A host of powerful signal-processing tools are featured on-chip. These include two integrated math engines for vector and scalar calculations, such as trigonometric, inverse trigonometric, geometric, absolute-magnitude, long-integer, and scaled fraction multiply, divide, add, and subtract functions (see the table).

The chip's high-speed pipelined 8051 microcontroller runs at over 14 MIPS. A frequency-mode data converter brings scalable dynamic range, accuracy, and speed features. The converter consists of two stages: a sensor oscillator stage that's modulated by the sensor element's electrical properties and a period counter stage that demodulates the signal directly into a digital value.

Maximum resolution is virtually infinite with a native combination of internal registers at 16 bits and a default ROM containing routines for 32-bit sensor measurements as part of the chip's firmware. Note that 32-bit resolution is equivalent to one part in 4,294,967,296!

Two industry-standard serial interfaces, a serial peripheral interface and an I2C interface, are available. There's also a programmable I/O for custom interfaces and controls.

The SSP1492 operates from a 3-V power supply, and 5-V-tolerant inputs offer compatibility with legacy and currently available sensor systems. Maximum current is 11 mA while operating, and 1 µA is dissipated in the static sleep mode.

The use of a 3-V power supply minimizes power consumption and addresses the need of IC manufacturers who power their products from standard batteries—an important consideration for consumer electronic products.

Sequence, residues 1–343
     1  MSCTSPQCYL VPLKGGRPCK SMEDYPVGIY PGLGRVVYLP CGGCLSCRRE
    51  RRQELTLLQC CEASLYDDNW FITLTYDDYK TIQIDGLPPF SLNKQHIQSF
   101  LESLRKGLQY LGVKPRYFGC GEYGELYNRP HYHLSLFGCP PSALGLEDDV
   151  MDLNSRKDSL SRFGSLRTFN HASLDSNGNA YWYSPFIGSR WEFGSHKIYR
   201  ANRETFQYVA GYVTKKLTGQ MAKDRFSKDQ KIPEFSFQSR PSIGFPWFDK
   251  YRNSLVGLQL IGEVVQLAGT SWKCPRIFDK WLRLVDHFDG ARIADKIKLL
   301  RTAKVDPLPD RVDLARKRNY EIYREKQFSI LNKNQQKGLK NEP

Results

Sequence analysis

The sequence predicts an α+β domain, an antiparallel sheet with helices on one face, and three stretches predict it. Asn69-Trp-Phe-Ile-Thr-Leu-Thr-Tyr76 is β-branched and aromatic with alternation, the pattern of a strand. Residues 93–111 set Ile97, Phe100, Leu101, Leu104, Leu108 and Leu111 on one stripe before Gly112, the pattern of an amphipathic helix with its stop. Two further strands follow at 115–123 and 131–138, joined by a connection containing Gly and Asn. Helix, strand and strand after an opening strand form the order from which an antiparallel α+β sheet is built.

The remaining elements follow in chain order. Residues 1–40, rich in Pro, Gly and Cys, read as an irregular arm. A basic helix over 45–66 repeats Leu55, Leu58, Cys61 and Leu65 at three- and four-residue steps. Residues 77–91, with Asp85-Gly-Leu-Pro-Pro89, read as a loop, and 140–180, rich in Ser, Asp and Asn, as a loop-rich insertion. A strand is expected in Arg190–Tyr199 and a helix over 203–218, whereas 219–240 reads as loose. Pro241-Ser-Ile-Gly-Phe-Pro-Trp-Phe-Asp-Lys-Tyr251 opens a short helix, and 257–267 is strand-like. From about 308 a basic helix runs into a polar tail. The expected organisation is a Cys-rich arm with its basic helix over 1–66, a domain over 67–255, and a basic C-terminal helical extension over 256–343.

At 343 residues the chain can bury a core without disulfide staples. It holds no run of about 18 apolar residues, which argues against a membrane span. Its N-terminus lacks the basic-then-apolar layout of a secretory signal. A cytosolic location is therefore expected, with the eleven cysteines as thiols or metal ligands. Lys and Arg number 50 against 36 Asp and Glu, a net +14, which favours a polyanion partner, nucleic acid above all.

Applications for the SSP1492 sensor signal-processor IC are wide and varied. For example, the chip could work with a bridge-based piezoresistive pressure sensor (Fig. 2). Each of the four piezoresistors of the sensor's bridge circuit are individually selected and connected with an external capacitor to the sensor's oscillator section using the configurable analog switches on the SSP1492.

Another application involves working with a tri-axial capacitive-type accelerometer (Fig. 3). Here, the eight sensing capacitors connect in parallel to the chip's CAP1 pin of the sensor's oscillator section. The output drivers of the SSP1492's general-purpose IO section selectively ground each capacitor so it can be switched into the oscillator section.

The company will offer an analog version of the SSP1492 without the digital circuits like the microcontroller. "This should bring large-quantity chip prices down to about $0.35," says Hsu.

A $395 development environment is also available with a USB interface, a serial EEPROM burner, and development/system analysis tools. The end user supplies the sensor and as few as three external passive components to Sensor Platforms. An evaluation can be made within a few hours.

To entice sensor manufacturers to work with them, the company has a special offer. "Any sensor manufacturer can use our sample program where they send us their sensors," says Hsu. "We hook them up to our development board and run them, then send the board back to them at no cost for the development environment."

Sensor Platforms Inc.